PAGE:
Commodities: The grains index pulled back sharply at the beginning of the week but rallied on Friday to close above the 50 day, corn remaining stronger than wheat. Precious metals recorded another week of solid gains. Natural gas had a quiet week until Friday’s nearly 9% jump. It closed just below the converging 50 and 200 day moving averages. Of course the big story in commodities was oil. On Monday WTI shot up in heavy trading to the highest price since 2008, but the action on Thursday was most interesting: opening just under $99, it was bid up above $103 before falling to actually close with a loss on the day.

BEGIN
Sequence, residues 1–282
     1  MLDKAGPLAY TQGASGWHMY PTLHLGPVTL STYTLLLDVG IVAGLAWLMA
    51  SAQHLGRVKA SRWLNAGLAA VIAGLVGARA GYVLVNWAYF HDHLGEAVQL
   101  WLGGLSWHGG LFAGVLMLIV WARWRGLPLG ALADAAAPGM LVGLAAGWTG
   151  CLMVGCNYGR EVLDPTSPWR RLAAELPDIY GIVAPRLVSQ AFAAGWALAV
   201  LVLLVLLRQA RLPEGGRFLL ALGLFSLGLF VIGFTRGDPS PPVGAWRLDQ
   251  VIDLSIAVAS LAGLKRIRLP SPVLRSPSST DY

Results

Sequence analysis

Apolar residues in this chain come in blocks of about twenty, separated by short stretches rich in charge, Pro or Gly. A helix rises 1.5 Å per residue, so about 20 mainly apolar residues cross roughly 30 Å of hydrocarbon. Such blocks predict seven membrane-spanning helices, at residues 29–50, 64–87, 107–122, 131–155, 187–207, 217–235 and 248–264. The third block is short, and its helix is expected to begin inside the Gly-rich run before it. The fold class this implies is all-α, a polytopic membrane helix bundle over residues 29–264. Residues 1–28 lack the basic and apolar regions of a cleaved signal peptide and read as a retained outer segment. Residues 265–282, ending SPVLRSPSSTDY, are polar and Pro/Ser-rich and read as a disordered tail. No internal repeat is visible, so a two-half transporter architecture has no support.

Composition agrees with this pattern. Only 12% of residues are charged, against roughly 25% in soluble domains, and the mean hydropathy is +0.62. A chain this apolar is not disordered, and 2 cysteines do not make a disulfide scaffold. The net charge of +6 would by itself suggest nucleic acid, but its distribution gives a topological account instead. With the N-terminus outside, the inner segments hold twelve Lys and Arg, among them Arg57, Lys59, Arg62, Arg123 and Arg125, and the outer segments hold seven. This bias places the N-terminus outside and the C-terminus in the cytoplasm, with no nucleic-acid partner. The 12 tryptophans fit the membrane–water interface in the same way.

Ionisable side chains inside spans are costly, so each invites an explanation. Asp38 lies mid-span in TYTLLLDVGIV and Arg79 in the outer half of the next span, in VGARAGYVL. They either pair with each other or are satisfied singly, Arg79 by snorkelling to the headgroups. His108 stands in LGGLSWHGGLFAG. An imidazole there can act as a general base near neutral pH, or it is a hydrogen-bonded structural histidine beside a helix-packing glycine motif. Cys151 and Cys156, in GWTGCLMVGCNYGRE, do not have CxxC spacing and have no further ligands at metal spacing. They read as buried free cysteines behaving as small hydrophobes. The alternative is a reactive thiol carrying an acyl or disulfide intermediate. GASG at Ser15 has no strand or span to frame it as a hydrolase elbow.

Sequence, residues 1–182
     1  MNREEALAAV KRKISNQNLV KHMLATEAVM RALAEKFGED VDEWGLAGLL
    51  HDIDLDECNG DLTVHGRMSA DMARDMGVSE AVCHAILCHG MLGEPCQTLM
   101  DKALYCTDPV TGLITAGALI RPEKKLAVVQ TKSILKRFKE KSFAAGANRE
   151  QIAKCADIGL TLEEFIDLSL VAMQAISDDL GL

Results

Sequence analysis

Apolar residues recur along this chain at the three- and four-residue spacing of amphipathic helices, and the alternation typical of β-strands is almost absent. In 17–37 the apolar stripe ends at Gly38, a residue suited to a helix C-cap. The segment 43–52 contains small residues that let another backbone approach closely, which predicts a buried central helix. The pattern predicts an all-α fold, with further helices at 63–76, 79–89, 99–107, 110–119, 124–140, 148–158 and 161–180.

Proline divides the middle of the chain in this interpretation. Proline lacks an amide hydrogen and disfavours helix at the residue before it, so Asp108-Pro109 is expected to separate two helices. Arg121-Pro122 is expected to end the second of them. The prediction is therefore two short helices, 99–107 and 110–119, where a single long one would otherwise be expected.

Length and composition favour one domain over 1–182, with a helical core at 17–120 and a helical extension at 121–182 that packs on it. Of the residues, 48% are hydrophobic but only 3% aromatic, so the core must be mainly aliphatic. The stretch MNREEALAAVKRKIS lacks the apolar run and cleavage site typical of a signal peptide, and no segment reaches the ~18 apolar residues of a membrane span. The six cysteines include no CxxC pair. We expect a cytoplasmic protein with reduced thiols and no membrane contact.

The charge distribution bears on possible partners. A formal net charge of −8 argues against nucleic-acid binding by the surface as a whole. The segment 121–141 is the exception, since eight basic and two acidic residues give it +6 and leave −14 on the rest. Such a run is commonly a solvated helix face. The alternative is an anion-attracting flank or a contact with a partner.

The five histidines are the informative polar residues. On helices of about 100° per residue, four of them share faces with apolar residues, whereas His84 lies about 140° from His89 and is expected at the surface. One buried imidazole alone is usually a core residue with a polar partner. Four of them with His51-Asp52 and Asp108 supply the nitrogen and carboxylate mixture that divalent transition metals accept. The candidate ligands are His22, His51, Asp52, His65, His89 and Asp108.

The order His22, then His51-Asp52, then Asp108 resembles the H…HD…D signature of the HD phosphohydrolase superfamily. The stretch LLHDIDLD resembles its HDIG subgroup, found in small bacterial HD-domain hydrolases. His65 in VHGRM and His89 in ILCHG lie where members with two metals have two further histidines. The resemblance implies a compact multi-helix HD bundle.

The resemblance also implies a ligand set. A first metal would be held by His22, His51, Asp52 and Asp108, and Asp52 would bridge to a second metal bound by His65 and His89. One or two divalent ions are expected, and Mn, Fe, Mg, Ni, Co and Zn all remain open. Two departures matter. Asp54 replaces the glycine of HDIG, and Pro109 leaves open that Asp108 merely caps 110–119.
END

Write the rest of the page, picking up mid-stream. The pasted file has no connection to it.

Currencies: The US dollar index recorded another losing week, falling below 77 before a small relief rally on Friday. Yen and Swiss francs gained, the franc reaching a new multi-year high vs. the dollar. Aussie and Canadian dollars also gained, and remain technically strong.

The Week Ahead

Stocks: For all the noise we heard last week, the little bit of weakness we saw in stocks was very modest indeed, and can hardly be called a correction - at this point it is not even as deep as the very mild November correction, and has not yet touch the 50 day. Techs and small caps sold off a little more deeply but recovered more strongly Friday. At this stage, while we may be at the beginning of the more significant 7-10% correction we have been looking for, there isn’t enough evidence of it yet. I am very overweight cash and underweight equity in my own portfolios, but can’t really recommend that position unreservedly. US stocks refuse to break down, and continue to climb that wall of worry. Click on chart to enlarge: